Tag Archives: World War II

Hallelujah Anyway ~ the mercy of a French friend

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Looking toward the trails

I am reading the book Hallelujah Anyway by Anne Lamott.  I am thinking about what mercy means and I am thinking about how many different forms mercy takes.

This story is about my French friend, Jeanne G.  I lived with Jeanne for about a year in 1992-93.  Jeanne was retired from Wall Street and had a darling house, it looked like a cottage inside and out.  Jeanne also had a great cat named Feefe.   We had  lovely conversations over dinner each night.  Jeanne told me about life in France and life in New York City and she had many, many stories to tell.

We lived together during the last big New York State blizzard in 1993.  With snow pouring from the sky, Jeanne rustled up the best shrimp dish I have ever eaten. We sat on opposite ends of  her dining table all set up with the best China and  I loved the celebratory feel of that snow storm.

Jeanne’s house was cozy, the living room invited you in and I sat during that snow storm reading People of the Lie by  M. Scott Peck with eyes wide open.  I thumbed through Vogue and People, grew my hair out, and got contacts…my life was changing  in the protection of this sweet cottage one mile from my job.

A theme for Jeanne as she told her stories about people was luck.  Luck, really? I remember thinking, So unAmerican…don’t we all just pull ourselves up from whatever happy horse shi__  we happen to fall in and live the Dream with the white picket fence and the 4th of July fireworks.

Not from Jeanne’s perspective.  She would tell me vignettes…oh, this person, she had luck in life, then she had no luck, then she had luck again.  She might be telling me about some poor woman who worked all her life and had nothing to show for it in the end. “A good person, no luck in life.” And then, another person, “Oh her husband divorced her, but he was wealthy and gave her very good alimony, she had a lot of luck in life, lived to be 92 and died peacefully in her sleep.”

When the Iraq war broke out (before I lived with Jeanne), I  asked her if she was worried, she said, “No, I lived through World War II.” Her stories of World War II included her work in the resistance, hunting for beet roots in a war-torn country, and the pale that settles over everyone when war is fought on your land.

One day, Jeanne said to me, “You will have to move out by the end of the month. My cousins are coming from France and I need your bedroom.”

I was heartbroken.  I loved my  happy place at Jeanne’s.  I loved her cat Feefe who stayed up with me all night when I was sick.  The day I left, she was on her front walk, and she said, “Claire, I’ wish you all the best in life.  Good luck to you.”

I felt like I’d never see her again, and indeed, in the context of roommate relationships, I never did.  But we remained friends as the years rolled forward.  In 2000, one of the last times I saw Jeanne, she, her daughter (a dear friend) and I went for a long walk and picked blackberries on our trail.  The trail at my house where I met my husband in 1995.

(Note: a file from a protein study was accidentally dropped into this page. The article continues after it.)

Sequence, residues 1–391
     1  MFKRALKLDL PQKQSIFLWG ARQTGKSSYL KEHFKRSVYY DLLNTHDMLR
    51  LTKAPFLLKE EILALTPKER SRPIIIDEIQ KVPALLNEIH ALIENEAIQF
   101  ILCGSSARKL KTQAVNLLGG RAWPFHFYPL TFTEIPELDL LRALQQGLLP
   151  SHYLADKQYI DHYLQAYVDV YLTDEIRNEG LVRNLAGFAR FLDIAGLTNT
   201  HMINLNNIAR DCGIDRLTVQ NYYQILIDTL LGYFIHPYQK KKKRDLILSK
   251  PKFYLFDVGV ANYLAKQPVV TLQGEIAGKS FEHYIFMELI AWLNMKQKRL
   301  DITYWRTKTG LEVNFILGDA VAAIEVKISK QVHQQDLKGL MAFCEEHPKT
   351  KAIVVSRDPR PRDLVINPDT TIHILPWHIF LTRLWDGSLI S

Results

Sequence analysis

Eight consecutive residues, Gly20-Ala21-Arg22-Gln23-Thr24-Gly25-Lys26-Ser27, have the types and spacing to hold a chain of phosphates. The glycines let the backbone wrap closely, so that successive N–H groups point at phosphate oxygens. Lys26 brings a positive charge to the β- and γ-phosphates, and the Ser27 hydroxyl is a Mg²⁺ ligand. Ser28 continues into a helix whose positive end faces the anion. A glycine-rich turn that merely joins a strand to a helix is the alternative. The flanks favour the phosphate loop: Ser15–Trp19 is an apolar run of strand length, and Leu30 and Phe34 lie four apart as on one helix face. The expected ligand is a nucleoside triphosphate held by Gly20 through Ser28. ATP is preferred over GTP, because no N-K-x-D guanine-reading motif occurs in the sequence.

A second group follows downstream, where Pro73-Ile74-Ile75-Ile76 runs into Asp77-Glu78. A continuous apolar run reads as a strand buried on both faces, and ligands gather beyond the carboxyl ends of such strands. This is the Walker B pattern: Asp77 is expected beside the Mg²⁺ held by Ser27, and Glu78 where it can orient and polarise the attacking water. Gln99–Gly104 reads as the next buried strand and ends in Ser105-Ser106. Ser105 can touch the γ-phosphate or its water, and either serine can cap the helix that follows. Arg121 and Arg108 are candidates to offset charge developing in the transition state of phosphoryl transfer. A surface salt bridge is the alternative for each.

“Claire,”  Jeanne said.  “See how lovely everything turned out for you.  I knew if you stayed with me, things would not have been good for you.”

“You did?” I was stunned.  “Yes, you could have stayed there forever, I had the room, the cousins were only coming for a visit from France, but I knew you needed to leave.  And look at your luck.”

Luck indeed.  I like to think as I read this book by Anne Lamott, there is a little bit of mercy thrown in…RIP Jeanne G.

Memorial Day: Remembering my Aunt, a WAC & American Legion Post 746 Commander, Corning, NY

my Aunt Madeline in the army…a WAC during World War II, Women’s Army Corp

this is a lighter with the etching Past Commander on it; I photoshopped it to make the writing stand out

Memorial Day

Today is a day my Aunt Madeline was always busy. She was at the cemetery, a parade, or veteran’s event and arrived late to our holiday barbecues. I never went with her to these events and that is sad for me now, she is gone almost 20 years.

My aunt served in WW2, she was a WAC in Rome, mNY. A WAC was a member of the Women’s Army Corps during World War II.

My aunt, Madeline Austin Castellino, was very involved in the Corning American Legion and I did go there with her. Once a year, at hunting season, she made a large venison dinner for the men at the legion. My sister and I went and helped her a few times. It was, from what I can see now, through a kaleidoscope of pots, pans, lettuce heads and napkins, a huge undertaking for one woman to orchestrate, but she seemed to enjoy doing it.

The most significant thing to me is that my aunt became the first woman Commander of the American Legion in Corning NY. Go Aunt Madeline, wherever you are. My Aunt was a doer and she honored the people who served, suffered, and died to live here and keep it, the US.

There is a line that Tom Hanks, playing Captain Miller, says at the end of saving private ryan that I find haunts me occasionally because of the things I take for granted. Hank’s character is dying, he is one of many that went into Europe to find and send home the only son left of an American mother named Mrs. Ryan. Hanks last words to Private Ryan: EARN THIS RYAN, EARN THIS!

It’s late Aunt Madeline, but I’m beginning to get it.